While there is the possibility of legislating against single-use plastic party and takeaway supplies, the industry has already shown that it is capable of providing compostable alternatives such as the range of products supplied by your business. The challenges are ensuring that these products are more readily available in the market place to provide consumers with a wider range of 'green' purchase choices and the availability of organics disposal options where these products are used including workplaces, events, and public areas. Without an accessible organics disposal point for these products, many of them will still end up in landfill.
The Government of South Australia and Adelaide City Council (ACC) are working together to make Adelaide the world's first carbon neutral city. The Carbon Neutral Adelaide Action Plan 2016-2021 (the Plan) outlines the pathways that we will take to build on our achievements and reduce Adelaide's carbon emissions.
In particular, Pathway 4 - Reduce emissions from waste and water - of the Plan states that “...public events are a prominent showcase of the city's progress towards minimising waste and maximising recycling. Enhancements to waste and recycling services at large events (e.g. Womad, Fringe, Clipsal etc.) will be an important opportunity for leadership and community participation”.
In addition, implementing a precinct level trial of reusable and compostable takeaway food and beverage containers by businesses and catering companies is an action identified in the Plan at Action 4.1.6. There may be an opportunity for Eco Party Box to supply compostable products to large community events with ACC and I encourage you to explore this further.
Thank you for taking the time to write to me and I trust that this information is of assistance.
IAN HUNTER MLC Minister for Sustainability, Environment and Conservation
Undeterred, we began a change.org campaign and waited for a change in State Government before writing our next letter.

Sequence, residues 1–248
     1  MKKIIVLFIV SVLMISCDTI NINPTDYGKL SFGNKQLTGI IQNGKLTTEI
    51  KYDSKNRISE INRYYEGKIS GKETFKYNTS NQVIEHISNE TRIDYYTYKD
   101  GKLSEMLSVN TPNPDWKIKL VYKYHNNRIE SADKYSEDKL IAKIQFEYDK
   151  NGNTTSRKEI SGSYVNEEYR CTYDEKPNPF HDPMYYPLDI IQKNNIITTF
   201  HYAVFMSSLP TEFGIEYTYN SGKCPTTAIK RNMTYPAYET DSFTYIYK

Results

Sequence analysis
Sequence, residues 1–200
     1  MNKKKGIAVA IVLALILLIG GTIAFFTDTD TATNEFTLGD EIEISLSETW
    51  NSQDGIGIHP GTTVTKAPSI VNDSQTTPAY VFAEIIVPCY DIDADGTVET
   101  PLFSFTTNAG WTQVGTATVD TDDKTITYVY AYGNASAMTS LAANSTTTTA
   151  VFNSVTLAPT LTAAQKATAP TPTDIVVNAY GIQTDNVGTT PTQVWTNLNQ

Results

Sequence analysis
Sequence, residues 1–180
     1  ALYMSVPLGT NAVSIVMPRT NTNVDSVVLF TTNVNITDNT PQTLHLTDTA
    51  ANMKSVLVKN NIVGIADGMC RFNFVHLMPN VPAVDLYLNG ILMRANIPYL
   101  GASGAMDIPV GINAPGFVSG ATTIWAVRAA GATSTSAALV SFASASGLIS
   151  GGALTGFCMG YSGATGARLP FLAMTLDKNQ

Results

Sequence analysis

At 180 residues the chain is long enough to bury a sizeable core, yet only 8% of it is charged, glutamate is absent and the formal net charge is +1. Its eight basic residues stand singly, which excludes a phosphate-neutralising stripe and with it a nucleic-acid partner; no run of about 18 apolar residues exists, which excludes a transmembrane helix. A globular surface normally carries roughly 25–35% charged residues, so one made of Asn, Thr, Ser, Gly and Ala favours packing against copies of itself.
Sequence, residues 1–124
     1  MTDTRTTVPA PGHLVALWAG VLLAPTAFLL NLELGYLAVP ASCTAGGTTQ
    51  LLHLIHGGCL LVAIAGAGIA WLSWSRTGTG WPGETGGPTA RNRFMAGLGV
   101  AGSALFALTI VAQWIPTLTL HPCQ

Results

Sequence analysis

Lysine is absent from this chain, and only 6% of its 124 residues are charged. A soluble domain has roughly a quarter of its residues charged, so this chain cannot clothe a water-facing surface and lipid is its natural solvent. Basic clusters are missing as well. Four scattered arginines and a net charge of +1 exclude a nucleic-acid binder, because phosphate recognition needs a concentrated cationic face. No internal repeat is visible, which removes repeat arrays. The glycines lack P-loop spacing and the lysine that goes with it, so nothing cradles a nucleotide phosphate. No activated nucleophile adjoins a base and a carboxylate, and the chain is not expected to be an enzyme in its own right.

That opportunity came in 2018 and in June we wrote the following:
Dear Minister Speirs,
Congratulations on being appointed as the new Minister of the Environment and Water after the recent State election.
We are writing to you because we have a campaign running through change.org asking that you introduce a bill to ban plastic single-use disposable tableware in South Australia.
As you would be aware there are now biodegradable packaging alternatives freely available on the market and nearly all South Australian councils now allow these plates, cups and cutlery to be disposed of in the green waste bin.
To add to that there are now composting services available through biopak.com.au which picks up this compostable packaging from cafes and restaurants and sends it to commercial composting facilities instead of landfill.
Please find details of the campaign here: https://www.change.org/p/minister-speirs-sa-gov-au-to-ban-the-use-of-disposable-single-use-plastic-cups-plates-and-cutlery-at-events-in-sa
We would love to hear back from you to see where you stand with this and if indeed it is within reach.
Councils and Governments across Australia are making moves to ban plastic straws, plastic bags, balloons and other disposable plastic at an increasing rate and it would be great to see the banning of plastic disposable tableware implemented here in SA.
Thank you for your time.
Jonathan and Tina Hart
Minister Speirs reply came in October and was far more progressive citing South Australia as a leader in this change. He wrote, in part:
"South Australia has demonstrated its leadership in the waste and resource recovery sector, dating back more than 40 years when our container deposit legislation was introduced. Our state was a first mover in banning light-weight single-use shopping bags and introducing high-performance kerbside recycling systems, including food-waste recycling.
"Taking into account these achievements, we need to do more in recovering resources and ensuring they are reprocessed as much locally as possible. I am keen to consider measures to reduce single-use plastic items, however, I note that any change, even a small one, requires substantial work to ensure the issues are considered appropriately. I will be seeking advice from GISA on how and what work can be done to ensure we remain at the forefront of this policy."
In the past four days South Australia has made headlines not just nationally but internationally for this news.
Minister Speirs was quotes as saying:
“SA is continuing to lead the nation and set the agenda in recyclables and waste management,” Mr Speirs said.
"It will be the first Australian state or territory to ban single-use plastic items, however no decision has been made yet on plastic bags, coffee cups and plastic takeaway containers.
“We led the way with our container-deposit scheme, we were ahead of the pack on plastic bag reform and now we will lead the country on single-use plastics."
We like to think we (that's Eco Party Box and you) played a part in making change happen. We realise it's a team effort and TV shows like the War On Waste also brought these types of issues to the fore, but we believe every one of our customers has helped in bringing the changes forward. Because were it not for you, supporting businesses like ours, laying the groundwork in the early days, since 2011, and providing the sustainable alternatives, well this change may never have happened at all.